[1,2] Appellant's contention that the State conveyed to its immediate successor in title a square section containing 640 acres is untenable. Sections and boundaries are created by Government survey and not merely designated thereby. [*1] Having been surveyed and created as a fractional section, the boundaries of Section 15 cannot be arbitrarily projected so as to make it a complete section containing the customary 640 acres. Appellee must either succeed in its claim to all the lands in question, or it must take none of them.

The parties by their pleadings and proofs, and the trial court by its decree, are in agreement that the lands in question are alluvion formed by accretion as distinguished from avulsion. [*2] If this be true the the rules of law governing accretions must control our decision.

In the Roman Law it was said:  "Alluvion is an addition of soil to land by a river, so gradual that in short periods the change is imperceptible; or, to use a common expression, a latent addition." [*3] Justinian says: "That is added by alluvion, which is added so gradually that no one can perceive how much is added at any one moment or time." [*4] This same rule was introduced into English jurisprudence. The doctrine, as set forth in the English cases, is that accretion is the process of addition to land coterminous with the water, which is formed so slowly that its progress cannot be perceived, and does not admit of the view that, in order to be accretion, the formation must be one not discernible by comparison at two distinct points of time. [*5]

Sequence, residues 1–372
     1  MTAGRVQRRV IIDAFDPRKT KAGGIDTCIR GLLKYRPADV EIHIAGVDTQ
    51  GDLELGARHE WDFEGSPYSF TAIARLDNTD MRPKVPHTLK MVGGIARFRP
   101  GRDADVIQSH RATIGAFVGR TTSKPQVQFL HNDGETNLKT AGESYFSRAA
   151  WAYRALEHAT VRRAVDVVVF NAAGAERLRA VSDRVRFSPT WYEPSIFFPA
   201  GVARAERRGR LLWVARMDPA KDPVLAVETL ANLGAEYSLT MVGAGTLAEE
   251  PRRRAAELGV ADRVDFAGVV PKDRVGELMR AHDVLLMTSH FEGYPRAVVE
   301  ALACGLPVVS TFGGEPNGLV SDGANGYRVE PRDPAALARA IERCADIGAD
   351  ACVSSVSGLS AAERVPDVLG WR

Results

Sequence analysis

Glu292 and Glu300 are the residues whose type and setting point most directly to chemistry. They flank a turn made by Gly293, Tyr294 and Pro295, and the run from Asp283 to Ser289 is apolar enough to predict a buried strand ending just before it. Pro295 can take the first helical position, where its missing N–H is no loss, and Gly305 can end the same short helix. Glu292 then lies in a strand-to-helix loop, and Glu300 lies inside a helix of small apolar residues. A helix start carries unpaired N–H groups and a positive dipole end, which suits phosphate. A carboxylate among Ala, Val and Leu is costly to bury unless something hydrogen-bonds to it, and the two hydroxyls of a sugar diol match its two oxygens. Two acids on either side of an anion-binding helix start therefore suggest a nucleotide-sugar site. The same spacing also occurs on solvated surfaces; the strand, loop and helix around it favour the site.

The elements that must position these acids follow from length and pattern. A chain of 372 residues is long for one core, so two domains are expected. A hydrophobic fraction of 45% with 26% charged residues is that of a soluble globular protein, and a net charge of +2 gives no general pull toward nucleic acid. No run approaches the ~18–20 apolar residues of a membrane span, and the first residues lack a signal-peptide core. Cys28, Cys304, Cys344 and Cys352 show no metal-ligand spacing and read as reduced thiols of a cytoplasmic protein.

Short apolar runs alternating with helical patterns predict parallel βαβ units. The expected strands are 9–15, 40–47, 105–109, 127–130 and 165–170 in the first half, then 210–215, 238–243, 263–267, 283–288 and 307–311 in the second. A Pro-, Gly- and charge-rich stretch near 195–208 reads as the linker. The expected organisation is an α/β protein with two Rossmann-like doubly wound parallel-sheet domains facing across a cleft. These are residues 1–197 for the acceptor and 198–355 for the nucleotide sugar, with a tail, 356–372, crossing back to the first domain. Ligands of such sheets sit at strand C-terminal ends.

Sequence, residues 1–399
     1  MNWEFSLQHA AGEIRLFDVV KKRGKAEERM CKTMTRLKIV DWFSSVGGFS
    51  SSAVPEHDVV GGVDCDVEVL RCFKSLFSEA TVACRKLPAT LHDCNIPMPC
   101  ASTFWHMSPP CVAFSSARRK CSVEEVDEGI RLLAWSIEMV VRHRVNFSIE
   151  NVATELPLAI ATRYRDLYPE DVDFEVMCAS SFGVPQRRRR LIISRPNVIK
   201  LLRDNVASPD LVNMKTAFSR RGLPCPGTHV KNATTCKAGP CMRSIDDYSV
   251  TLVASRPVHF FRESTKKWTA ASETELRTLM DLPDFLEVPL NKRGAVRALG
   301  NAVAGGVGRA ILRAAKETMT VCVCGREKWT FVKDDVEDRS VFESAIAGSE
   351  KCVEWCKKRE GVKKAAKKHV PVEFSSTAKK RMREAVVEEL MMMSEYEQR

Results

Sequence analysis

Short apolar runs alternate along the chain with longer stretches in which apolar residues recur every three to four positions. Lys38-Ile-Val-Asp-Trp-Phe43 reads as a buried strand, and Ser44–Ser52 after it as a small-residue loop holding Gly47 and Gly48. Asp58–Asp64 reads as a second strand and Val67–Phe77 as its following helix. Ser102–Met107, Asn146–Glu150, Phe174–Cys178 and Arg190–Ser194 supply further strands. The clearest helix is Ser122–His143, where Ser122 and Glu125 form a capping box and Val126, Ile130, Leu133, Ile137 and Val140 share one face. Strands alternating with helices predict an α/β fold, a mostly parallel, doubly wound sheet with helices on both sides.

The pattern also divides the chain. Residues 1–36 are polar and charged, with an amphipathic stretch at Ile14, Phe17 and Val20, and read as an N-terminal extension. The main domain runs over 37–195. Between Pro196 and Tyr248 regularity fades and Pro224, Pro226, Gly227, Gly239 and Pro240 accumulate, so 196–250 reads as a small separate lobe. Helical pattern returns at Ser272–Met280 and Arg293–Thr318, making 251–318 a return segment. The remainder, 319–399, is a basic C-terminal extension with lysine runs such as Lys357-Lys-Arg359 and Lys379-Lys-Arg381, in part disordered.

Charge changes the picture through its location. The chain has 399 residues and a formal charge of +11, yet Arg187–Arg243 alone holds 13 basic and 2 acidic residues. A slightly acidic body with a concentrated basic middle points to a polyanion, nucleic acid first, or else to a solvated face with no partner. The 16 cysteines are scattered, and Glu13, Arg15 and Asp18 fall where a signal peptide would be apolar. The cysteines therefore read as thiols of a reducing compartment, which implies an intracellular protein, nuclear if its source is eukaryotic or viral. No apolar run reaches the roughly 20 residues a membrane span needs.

In his treatment of the subject, Blackstone has this to say: [*6] "And as to lands gained from the sea, either by alluvion, by the washing up of sand and earth, so as, in time to make terra firma; or by a dereliction, as when the sea shirks back below the usual water mark; in these cases the law is held to be, that if this gain be by little and little, by small and imperceptible degrees, it shall go to the owner of the land adjoining. For de minimus non curat lex; and besides, these owners being often losers by the breaking in of the sea, or at charges to keep it out, this possible gain is therefore reciprocal consideration for such charge or loss."

[3] In the United States, "The rule governing additions to land bounded by a river, lake or sea, has been much discussed and variously settled by usage and by positive law. Almost all jurists and legislators, however, both ancient and modern, have agreed that the owner of the land thus bounded is entitled to these additions. By some, the rule has been vindicated on the principles of natural justice, that he who sustains the burden of losses and of repairs, imposed by the contiguity of waters, ought to receive whatever benefits they may bring by accretion; by others, it is derived from the principle of public policy, that it is the interest of the community that all land should have an owner, and most convenient that insensible additions to the shores should follow the title to the shore itself." [*7] The common-law rule which vests title to soil formed along navigable waters by accretion or reliction in owners of abutting lands is the rule applicable in Florida. [*8]

[4] It must be observed at the outset that at the time fractional Section 15 was surveyed and designated in 1833, and when it was patented to the State of Florida in 1856, the western half of its southern boundary bordered on the Gulf of Mexico at the same, or nearly the same point as shown by the survey. It was while title to Section 15 reposed in the State that the lands in question were gradually and imperceptibly formed. Thus by application of the foregoing rules, it must be concluded that the tract of land here in question, lying south of fractional Section 15 as originally surveyed is in law alluvion formed by accretion, title to which vested in the State of Florida as owner of fractional Section 15.